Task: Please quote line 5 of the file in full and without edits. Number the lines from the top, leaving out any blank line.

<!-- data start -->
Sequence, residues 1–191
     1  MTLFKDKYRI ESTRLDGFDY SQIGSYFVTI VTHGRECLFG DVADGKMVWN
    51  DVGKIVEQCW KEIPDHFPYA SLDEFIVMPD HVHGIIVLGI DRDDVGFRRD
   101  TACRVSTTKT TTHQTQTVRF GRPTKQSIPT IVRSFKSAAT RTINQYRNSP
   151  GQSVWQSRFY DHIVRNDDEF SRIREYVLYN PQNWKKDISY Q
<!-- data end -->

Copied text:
   151  GQSVWQSRFY DHIVRNDDEF SRIREYVLYN PQNWKKDISY Q